Why won’t she sleep…Living with sleep deprivation!

Why won’t she sleep…Living with sleep deprivation!

Even before I became pregnant I knew that sleepless nights came with having a baby, it wasn’t something that I really gave much thought about, I just knew I would be up at night feeding my newborn baby.

When Alice arrived I was breastfeeding her and therefore all night feeds were done by me and I was ok with that. My nights would be spent feeding Alice and browsing the internet, buying things at 2am and then forgetting I had done it until the parcel arrived…there were a lot of parcels, oops!

After about two months of very regular night feeds, we got into a pattern, I would dream feed Alice at 10.30pm, what a great concept this is, it was my favourite feed of the day. Then she would go through to 5am and then I would give her a feed and back to sleep she went until 8am.

I actually really liked this pattern, and I didn’t feel sleep deprived. Then on Boxing day night, when Alice was four months old, she went through the night. There are lots of different interpretations of ‘sleeping through the night’, this is mine…Alice would have a feed at 7pm, I would dream feed her at 10.30pm and she would sleep until 7am/7.30am.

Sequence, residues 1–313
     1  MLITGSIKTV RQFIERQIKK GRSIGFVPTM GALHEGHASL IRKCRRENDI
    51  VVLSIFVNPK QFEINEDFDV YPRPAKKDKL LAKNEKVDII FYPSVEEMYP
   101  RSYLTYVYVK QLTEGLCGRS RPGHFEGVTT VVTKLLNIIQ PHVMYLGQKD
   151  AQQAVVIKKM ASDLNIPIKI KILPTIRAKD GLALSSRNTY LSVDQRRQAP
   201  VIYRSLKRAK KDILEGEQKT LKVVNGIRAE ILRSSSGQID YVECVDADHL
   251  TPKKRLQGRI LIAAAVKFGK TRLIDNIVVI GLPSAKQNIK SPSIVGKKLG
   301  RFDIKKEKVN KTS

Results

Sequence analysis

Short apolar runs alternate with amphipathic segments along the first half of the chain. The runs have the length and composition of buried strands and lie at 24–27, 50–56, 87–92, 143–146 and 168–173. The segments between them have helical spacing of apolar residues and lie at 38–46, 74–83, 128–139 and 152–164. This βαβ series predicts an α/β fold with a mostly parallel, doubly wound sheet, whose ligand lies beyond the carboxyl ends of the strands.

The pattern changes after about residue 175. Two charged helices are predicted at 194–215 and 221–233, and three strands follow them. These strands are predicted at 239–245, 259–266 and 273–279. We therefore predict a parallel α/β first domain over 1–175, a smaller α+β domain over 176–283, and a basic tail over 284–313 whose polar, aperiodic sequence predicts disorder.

I didn’t do anything to make this happen, she just dropped the 5am feed and would wake up slightly earlier in the morning. This became our normal and yes, there were nights where she would randomly wake up and we would be walking around the house with her trying anything to get her back to sleep. But, generally we didn’t hear from her.

Alice loved to sleep, before she could talk, she would point at the stairs asking to go for her nap or to bed at night. She just knew when she was tired and wanted to go to sleep. I know I was lucky!

This was her sleep pattern until she was 2 years and nine months old and then everything changed…

By now, our little Holly had arrived, she was nine months old at this point and had never slept through the night. Holly would wake up once, have a quick feed and go back to sleep. It was manageable and I didn’t feel too sleep deprived with it.

So, what changed? Alice started waking up at night and would come looking for me and she did this more than once a night and she did it every night.

Why? I don’t know for sure because that is the thing with children sometimes you just never understand why things are happening. I believe it’s because we went away on a short break and at bedtime Alice was a bit unsure about being on her own to go to sleep and she asked me to sit with her. Which of course I did, what mother wouldn’t sit with their child if they were a bit scared in a new environment.

Alice went to sleep within minutes and it didn’t feel like a big thing, I did this for the three nights we were away.